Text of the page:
According to Fraiture and Otto (2015), the number of currently known sites in Europe is about 150. A decrease in frequency has been recorded in Czech Republic, Estonia, Finland, France, Germany, Poland and Sweden for the last 50 years. In Poland, 11 localities of the species are known; all but two were found before 1972, with the most recent ones dated 1998, 2006 and 2013 (Wojewoda 2002; Stasińska 2011; Kujawa et al. 2015). In Great Britain, the species has 33 findings: 17 before 1945, 4 before 2014 and 12 the most recent but found in just two locations in Scotland and Wales (Lost and Found Fungi Project, 2018). On the distribution map of fungi in Germany, 32 locations (squares) are indicated (German Mycological Society 2018). Within the GBiF database, 413 localities are shown all together, great majority of them in Scandinavia (Sweden, Norway, Finland), a few sites in Great Britain, Estonia and the Alps, and 2 sites in Russia (one at the Baikal Lake and the second on the coast of the Sea of Okhotsk). There are probably no current records of this species in North America (see e.g., Mycoportal, iNaturalist, Mushroom Observer, USDA ARS, Canada’s Species, GBiF, NCBI, UNITE). The species is currently (2018) red-listed in Austria, Czech Republic, Estonia, Finland, France, Germany, Montenegro, Norway, Poland, Serbia, Slovakia, Sweden and Switzerland. It is protected by law in Poland.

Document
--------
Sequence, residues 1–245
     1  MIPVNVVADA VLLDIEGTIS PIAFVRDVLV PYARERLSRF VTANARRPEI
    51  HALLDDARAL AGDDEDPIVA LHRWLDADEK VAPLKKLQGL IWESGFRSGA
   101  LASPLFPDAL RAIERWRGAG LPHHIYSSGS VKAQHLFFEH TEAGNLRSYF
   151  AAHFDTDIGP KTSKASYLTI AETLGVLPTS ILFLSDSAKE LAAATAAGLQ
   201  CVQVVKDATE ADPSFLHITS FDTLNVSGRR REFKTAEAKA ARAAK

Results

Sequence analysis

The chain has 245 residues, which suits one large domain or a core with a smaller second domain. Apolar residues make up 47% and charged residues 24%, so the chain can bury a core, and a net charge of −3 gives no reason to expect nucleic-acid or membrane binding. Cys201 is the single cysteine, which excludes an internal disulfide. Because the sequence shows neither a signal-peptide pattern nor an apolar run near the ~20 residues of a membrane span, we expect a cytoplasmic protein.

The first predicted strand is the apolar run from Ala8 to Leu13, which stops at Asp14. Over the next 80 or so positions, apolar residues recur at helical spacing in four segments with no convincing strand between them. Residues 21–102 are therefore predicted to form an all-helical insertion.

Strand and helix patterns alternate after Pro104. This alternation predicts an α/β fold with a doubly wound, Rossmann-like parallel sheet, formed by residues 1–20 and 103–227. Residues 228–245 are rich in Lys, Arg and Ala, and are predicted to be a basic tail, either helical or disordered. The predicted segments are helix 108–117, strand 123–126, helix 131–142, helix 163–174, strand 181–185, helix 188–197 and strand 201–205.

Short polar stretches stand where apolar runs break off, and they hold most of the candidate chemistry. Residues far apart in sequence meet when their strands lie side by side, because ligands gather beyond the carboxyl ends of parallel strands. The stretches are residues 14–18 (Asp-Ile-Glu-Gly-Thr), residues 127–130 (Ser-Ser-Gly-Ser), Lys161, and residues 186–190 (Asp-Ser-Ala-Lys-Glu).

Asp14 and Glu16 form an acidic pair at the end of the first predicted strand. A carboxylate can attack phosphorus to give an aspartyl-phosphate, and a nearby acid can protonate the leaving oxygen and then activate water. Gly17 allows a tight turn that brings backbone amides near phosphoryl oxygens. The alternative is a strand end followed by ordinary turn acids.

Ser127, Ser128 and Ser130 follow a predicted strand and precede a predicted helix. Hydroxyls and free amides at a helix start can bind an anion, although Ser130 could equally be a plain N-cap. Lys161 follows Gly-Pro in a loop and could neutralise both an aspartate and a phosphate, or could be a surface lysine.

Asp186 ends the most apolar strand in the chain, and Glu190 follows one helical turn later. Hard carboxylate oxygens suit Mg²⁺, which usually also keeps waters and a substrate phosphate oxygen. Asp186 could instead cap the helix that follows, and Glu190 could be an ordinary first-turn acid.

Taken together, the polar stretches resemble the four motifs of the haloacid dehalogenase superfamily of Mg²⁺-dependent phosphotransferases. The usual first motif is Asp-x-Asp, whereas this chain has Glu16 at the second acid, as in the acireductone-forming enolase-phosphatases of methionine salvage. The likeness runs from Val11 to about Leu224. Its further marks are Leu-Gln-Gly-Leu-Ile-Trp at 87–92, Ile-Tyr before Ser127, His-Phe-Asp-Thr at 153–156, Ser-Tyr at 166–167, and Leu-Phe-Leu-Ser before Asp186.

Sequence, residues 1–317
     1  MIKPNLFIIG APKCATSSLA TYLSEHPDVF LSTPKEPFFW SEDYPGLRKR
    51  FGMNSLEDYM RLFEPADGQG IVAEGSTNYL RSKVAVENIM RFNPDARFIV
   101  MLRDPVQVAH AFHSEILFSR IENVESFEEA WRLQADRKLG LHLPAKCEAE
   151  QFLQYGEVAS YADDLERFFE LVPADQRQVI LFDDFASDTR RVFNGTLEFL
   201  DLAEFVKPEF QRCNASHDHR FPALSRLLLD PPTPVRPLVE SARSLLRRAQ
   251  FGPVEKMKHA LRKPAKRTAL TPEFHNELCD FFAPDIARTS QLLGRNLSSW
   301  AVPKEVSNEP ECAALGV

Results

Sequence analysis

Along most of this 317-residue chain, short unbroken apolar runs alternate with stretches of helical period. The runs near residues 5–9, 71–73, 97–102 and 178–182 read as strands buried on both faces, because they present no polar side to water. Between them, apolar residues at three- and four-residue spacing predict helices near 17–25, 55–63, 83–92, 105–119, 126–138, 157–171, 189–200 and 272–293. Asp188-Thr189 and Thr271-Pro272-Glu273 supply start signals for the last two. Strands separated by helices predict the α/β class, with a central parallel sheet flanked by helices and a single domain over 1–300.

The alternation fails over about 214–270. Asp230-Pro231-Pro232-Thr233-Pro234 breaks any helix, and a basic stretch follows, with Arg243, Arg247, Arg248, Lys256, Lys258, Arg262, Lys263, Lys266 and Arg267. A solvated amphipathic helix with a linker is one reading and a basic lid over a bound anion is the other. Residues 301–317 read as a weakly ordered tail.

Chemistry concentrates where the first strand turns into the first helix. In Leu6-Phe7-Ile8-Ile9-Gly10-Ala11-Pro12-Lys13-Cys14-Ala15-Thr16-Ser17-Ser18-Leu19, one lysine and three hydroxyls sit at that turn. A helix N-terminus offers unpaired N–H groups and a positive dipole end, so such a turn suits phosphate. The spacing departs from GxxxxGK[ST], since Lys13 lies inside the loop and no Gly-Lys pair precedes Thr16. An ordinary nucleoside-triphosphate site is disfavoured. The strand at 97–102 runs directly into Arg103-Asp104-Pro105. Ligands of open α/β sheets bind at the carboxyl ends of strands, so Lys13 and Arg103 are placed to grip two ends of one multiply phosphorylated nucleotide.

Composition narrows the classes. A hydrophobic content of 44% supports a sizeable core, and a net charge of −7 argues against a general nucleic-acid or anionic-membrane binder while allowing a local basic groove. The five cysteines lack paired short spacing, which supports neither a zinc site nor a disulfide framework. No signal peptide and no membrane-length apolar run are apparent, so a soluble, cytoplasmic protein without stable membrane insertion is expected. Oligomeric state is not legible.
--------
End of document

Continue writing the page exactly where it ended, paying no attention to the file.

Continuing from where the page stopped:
Because mires, bogs and fens are wetland habitats with a high water content governing many ecological processes that structure their characteristic communities, their hydrological balance is easily disturbed by increased drainage caused by human activities. Furthermore, mire habitats have been widely destroyed or greatly altered in many areas by the extraction of peat. Extraction of peat and conversion of natural mire habitats to productive agricultural and forestry land have been the main reasons for the decline of mire habitats during recent and more long-term historic times and this decline is still continuing. In the EU countries, all but two of the 13 mire habitat types (85%) are threatened and this is the highest percentage of threatened habitats in all terrestrial and freshwater groups (European Red List of Habitats 2016). These types of habitats are most vulnerable to hydrological system modifications, surface water and air pollution (eutrophication), natural succession and erosion, agriculture intensification, sylviculture and forest management, mining (peat extraction) and urbanization. They are also very sensitive to climate change, especially to increasing droughts.